(The house designs which make the approach viable are found in appendix 3.)
A low-income family's steps on the pathway from simple rental to shared-equity:
1. family with
regional &
local groups
rentsbegin a
local revolving
building fund

Infrastructure Support:

2. national
support group
support unit.

Funding Stream:

3. national
building fund
housing delivery.
Local & regional
of panels.

1.1 Need
A low-income family in serious housing need, may not have access to land. We would suggest that such familes enter a "starter house" shared-equity programme, like that used by Just Housing in Auckland, or by the North Hokianga Housing Trust on their eco-village site. This promises the highest standard of amenity and affordability in the long-term. Families without access to land, can be loaned community land for a finite period. Chaanz groups will seek to meet the needs of the children first. back

1.2 Contract
In a case where the family own their land, a local building administration group would respond by renting their building site from the family and engaging them in the planning of the house. The building site and access to it would be rented from the family for a peppercorn-rent and a contract drawn up detailing the terms and condition of the agreement. A stipulation of the contract would be that all disputes go to arbitration rather than lawyers; that such arbitration is binding upon both parties; and failure to accept this provision terminates the contract and the house is repossessed.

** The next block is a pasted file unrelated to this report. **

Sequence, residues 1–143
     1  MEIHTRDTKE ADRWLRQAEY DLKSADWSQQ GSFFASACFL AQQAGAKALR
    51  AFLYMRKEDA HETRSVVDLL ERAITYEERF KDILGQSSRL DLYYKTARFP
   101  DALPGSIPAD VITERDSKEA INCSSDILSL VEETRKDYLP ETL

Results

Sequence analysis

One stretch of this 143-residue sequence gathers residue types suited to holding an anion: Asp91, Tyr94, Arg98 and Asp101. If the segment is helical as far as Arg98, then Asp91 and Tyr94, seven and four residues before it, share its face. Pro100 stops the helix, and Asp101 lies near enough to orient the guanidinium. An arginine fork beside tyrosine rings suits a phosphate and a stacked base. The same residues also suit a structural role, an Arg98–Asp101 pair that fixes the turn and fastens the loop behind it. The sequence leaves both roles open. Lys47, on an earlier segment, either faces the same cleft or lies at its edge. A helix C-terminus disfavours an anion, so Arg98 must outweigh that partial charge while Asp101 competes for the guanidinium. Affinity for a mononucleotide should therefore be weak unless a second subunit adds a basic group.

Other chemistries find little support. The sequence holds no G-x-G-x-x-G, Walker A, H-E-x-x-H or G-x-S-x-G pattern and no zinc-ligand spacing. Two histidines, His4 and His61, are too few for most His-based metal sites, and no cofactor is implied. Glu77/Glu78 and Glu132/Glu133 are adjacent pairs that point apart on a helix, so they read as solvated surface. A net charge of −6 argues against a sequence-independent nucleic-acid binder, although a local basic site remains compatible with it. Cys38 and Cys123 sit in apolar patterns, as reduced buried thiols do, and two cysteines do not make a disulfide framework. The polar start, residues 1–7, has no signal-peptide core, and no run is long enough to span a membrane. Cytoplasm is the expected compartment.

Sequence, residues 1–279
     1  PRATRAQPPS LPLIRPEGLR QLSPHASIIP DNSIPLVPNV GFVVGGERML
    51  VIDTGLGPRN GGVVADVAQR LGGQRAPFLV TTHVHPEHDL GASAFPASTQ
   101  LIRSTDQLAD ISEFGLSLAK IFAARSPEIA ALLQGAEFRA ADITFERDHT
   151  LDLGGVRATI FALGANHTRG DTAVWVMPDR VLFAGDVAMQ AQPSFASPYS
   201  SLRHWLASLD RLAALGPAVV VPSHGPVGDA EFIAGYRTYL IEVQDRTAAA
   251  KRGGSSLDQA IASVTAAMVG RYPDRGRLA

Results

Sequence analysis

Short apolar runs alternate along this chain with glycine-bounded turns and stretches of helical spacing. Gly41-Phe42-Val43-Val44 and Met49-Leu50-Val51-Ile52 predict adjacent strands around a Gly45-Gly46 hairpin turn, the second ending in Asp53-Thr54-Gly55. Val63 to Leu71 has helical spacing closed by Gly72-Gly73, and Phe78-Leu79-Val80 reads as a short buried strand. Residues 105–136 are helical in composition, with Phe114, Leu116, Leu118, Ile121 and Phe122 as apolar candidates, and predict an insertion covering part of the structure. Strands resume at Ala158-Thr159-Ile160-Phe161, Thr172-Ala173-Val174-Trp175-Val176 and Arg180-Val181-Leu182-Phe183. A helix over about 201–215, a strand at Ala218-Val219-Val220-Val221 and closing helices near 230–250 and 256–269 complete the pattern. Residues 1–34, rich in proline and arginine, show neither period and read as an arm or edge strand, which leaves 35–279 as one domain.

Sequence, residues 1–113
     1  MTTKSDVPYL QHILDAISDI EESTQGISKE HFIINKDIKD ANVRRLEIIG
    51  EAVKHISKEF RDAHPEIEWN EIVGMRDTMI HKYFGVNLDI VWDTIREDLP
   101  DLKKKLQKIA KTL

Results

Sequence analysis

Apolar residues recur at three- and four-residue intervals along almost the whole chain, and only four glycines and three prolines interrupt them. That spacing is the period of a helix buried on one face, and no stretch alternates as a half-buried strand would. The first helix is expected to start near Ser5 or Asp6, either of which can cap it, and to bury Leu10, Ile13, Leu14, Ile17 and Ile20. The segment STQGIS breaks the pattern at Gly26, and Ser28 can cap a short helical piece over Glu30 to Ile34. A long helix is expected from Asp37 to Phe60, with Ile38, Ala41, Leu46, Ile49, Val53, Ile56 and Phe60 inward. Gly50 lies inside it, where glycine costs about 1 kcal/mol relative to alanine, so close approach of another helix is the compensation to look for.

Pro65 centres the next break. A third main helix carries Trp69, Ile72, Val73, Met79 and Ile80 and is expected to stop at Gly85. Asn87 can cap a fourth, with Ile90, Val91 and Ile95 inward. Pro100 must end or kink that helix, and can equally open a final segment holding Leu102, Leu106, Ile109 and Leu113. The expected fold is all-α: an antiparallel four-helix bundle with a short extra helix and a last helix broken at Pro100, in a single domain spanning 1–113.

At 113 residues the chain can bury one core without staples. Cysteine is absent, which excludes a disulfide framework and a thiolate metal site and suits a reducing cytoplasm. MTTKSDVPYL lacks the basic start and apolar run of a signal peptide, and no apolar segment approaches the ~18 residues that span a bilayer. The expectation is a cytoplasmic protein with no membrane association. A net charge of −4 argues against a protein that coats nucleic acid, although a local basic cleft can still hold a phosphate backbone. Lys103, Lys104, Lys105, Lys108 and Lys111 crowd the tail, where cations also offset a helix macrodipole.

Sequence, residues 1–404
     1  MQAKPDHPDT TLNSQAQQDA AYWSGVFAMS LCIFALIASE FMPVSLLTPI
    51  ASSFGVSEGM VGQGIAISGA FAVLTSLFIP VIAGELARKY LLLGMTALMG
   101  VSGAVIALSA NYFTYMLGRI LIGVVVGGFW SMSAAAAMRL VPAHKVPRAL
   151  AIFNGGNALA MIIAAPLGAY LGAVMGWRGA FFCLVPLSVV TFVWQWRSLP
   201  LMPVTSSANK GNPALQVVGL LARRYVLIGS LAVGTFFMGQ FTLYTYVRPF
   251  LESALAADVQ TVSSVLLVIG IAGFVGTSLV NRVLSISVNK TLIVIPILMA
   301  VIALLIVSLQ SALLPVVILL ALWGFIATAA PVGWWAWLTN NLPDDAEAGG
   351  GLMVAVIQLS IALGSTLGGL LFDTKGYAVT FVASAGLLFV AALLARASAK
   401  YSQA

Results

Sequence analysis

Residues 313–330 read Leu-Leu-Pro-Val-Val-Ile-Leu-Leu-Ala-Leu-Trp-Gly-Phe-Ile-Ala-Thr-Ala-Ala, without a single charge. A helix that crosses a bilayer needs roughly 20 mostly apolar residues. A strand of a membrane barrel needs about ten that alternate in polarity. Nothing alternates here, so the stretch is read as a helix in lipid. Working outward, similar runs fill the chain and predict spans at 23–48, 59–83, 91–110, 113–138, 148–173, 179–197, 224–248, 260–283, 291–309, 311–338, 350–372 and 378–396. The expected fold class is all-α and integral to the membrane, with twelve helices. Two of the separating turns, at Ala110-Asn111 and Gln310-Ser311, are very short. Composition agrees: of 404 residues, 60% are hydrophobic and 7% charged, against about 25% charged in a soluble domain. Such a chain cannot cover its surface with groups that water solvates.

1.3 Build
A local building group agrees to size and value of the house to be built, with as much family input as possible.back

1.4 Rents
The rental monies go into a regional Revolving Building Fund. Low income families renting to the local housing trust would be eligible for a government accommodation subsidy. The regional Revolving Building Fund is necessary to build community capacity at a significant rate. There would be local representation on the regional bodies.
Rent levels set by the family in conjunction with the local organising group. These levels to be consistent with the family’s needs for adequate levels of disposable income and time scales that demonstrate that the family are discharging their obligations to the local community. Because these initial phase houses are more affordable and attract no interest payments, the ownership of these houses can be gained in as little as four years. For families under pressure, who elect to spin out the re-payment cycle, it merely takes longer to gain an equity stake. Families who rent out their house and make an equity gain, will be deemed to have broken their contract and the house will be re-possessed, with penalties. back